Tuesday Markets: NFOs Top Rs 45.58B

By Paneetha Ameresekere | Published: 2:00 AM Oct 27 2021

By Paneetha Ameresekere

The Bourse continued to make gains for the 7th consecutive market day amidst sustained net foreign outflows (NFOs) due to uncertainty, with the ASPI yesterday gaining by 0.80 per cent to 10,127.04 points, and the more sensitive S&P SL 20 Index by 0.41 per cent to 3,659.73 points on a Rs 6.72 billion turnover and on a share volume of 272.31 million. 

Nonetheless, the Bourse suffered NFOs for the third consecutive market day, with a figure of Rs 69.40 million yesterday, increasing NFOs in the calendar year to date to Rs 45.58 billion, a year on year increase of 2.96 per cent ( Rs 1.31 billion). In the 194 market days that have transpired in the calendar year to yesterday, the bourse has suffered NFOs in 168 (86.60 per cent) of those days. Last year the bourse suffered a record Rs 51.04 billion worth of NFOs due to similar uncertainty. In the 207 market days that transpired last year, the Bourse suffered a record NFOs in 90.82 per cent (188) of those days.

 Reserves Bleed $15.51M 

The country’s foreign reserves bled by a total of US$ 15.51 million (Rs 3,116 million) in the two market days to yesterday due to the possible settlement/s of Government of Sri Lanka’s (GoSL’s) foreign debt servicing commitments and/or Central Bank of Sri Lanka’s (CBSL’s) release of US dollars from the country’s foreign reserves at the discounted price of Rs 203 to the US dollar for the import of so called essential items and/or CBSL’s swaps with the market and/ or CBSL’s dollar sales/swaps to/with GoSL . CBSL lacks transparency in its open market operations data. 

GoSL’s) at least theoretical money printing borrowing costs (MPBCs) sharply decreased by 11.51 per cent (Rs 7,685.06 million) to Rs 59,068.12 million yesterday due to buying pressure on riskless, low returns Treasury (T) Bonds and T Bills in secondary market trading, rather than invest in the lucrative private sector, the engine of growth, due to sustained uncertainty. GoSL’s face value (FV) MP debt decreased by Rs 3,047 million (0.18 per cent) to Rs 1,731,591.03 million (Rs 1.7316 trillion) yesterday, thereby marginally defraying demand pull inflationary pressure as well.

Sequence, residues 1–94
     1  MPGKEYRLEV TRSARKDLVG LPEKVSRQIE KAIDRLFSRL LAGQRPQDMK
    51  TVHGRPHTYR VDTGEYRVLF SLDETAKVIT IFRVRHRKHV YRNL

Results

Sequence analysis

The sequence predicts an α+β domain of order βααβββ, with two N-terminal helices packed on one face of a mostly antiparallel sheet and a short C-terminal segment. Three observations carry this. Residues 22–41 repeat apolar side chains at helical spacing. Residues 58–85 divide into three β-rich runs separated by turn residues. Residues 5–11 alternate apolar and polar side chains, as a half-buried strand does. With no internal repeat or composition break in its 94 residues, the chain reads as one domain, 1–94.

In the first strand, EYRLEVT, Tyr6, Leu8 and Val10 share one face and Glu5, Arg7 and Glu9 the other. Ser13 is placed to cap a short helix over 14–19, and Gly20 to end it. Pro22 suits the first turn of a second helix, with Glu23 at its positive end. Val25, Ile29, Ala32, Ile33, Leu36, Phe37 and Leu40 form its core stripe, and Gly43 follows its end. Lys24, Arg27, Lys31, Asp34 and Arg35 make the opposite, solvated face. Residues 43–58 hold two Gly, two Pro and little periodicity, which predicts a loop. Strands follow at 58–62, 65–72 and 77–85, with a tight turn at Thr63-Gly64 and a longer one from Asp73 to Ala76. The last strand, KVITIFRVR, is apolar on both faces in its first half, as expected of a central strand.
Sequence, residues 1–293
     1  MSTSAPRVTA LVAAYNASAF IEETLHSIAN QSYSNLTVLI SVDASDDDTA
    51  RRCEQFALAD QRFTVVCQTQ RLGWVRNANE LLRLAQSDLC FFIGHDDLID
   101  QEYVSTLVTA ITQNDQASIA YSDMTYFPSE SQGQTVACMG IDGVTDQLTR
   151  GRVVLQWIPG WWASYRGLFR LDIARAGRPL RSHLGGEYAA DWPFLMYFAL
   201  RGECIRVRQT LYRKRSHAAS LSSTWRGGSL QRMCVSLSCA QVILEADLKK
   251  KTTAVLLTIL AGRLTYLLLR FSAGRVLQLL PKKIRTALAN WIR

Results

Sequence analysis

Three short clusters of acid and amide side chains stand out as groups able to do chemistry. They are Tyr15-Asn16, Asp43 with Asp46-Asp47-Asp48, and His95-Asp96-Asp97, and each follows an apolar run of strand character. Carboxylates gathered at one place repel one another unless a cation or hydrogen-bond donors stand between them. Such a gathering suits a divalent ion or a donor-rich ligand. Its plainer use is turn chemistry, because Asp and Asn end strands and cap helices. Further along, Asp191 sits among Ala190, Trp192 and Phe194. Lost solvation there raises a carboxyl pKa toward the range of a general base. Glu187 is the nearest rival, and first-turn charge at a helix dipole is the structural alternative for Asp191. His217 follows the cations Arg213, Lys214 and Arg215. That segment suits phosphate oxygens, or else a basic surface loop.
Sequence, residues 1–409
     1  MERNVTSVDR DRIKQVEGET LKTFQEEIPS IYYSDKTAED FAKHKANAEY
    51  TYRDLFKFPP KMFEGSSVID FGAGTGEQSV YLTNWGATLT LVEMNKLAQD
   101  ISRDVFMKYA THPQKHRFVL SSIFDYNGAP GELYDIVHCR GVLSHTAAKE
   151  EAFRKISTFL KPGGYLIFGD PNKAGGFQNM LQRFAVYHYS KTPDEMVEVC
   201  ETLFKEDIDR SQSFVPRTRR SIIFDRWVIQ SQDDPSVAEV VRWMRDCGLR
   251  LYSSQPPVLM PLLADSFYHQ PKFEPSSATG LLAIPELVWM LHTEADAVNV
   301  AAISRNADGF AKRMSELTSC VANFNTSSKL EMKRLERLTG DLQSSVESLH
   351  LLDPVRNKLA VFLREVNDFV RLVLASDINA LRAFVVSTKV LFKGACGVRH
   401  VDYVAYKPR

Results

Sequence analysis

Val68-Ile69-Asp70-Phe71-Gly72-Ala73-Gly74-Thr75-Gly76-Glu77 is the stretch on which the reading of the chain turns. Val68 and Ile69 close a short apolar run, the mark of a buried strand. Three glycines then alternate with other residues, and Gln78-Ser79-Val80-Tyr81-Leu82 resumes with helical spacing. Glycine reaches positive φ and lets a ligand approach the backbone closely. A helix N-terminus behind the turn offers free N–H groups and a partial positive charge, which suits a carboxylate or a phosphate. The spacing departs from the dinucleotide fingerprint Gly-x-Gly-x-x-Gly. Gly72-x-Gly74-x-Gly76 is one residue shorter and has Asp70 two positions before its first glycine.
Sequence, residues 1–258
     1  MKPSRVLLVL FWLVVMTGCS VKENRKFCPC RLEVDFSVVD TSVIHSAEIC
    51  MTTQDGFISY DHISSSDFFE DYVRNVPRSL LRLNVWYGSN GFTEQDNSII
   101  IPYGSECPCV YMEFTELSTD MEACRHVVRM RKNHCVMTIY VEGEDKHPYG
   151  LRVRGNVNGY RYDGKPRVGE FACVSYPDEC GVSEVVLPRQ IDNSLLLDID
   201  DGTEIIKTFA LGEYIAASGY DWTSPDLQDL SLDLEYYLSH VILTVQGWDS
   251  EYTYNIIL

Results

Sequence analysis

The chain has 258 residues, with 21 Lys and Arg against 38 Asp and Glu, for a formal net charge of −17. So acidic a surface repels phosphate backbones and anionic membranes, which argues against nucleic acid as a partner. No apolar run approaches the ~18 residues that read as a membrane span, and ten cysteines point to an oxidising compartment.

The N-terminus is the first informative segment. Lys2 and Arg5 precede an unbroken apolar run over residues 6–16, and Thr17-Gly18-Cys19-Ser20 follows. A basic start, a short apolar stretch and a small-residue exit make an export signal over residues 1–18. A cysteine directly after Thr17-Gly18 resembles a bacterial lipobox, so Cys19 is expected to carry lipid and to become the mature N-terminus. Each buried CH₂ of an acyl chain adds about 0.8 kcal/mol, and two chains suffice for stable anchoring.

GoSL’s FVMP debt has been over Rs one trillion for a record consecutive 66 market days to yesterday due to a lack of revenue. Money market was short for the thirty fourth consecutive market day to yesterday , thereby causing persistent rate pressure, with market shortfall increasing by 12.60 per cent (Rs 4,500 million) to Rs 177,678 million. 

Dead 121 Days 

The interbank foreign exchange (FX) market was ‘dead’ for 121st consecutive market day to yesterday, with no outright transactions taking place and with all trades in the FX market, ipso facto made worse by bank-client trades too, since midnight on 6 September, having to be executed under a controlled exchange rate (ER) regime of between Rs 202-203 to the US dollar, thereby aiding in the spawning of a black market. However, non-commercial consumer credit card trades such as for education and health, may be executed at a premium of five per cent over the administered ER of Rs 203 to the dollar, leading to such trades being executed at the Rs 213-214 levels to the dollar, sources said. 

But, commercial trades, with necessary approvals, which in several cases involve the passing of speed money due to the advent of the ‘licensing Raj,’ have to be executed at the administered and discounted price of Rs 203 to the dollar, they said. Even at the Rs 213-214 levels, the ER will have had depreciated by between Rs 24.50- 25.50 (13-13.53 per cent) in the calendar year to date and year on year (YoY) by between Rs 28.55-29.55 (15.48-16.02 per cent), thereby causing cost-push inflationary pressure as Sri Lanka is an import dependent economy. Meanwhile, even at the controlled ER of Rs 203 had depreciated by 7.69 per cent (Rs 14.50) in the calendar year to yesterday and year on year by 10.09 per cent (Rs 18.60) to the dollar, thereby causing costpush inflationary pressure.

By Paneetha Ameresekere | Published: 2:00 AM Oct 27 2021

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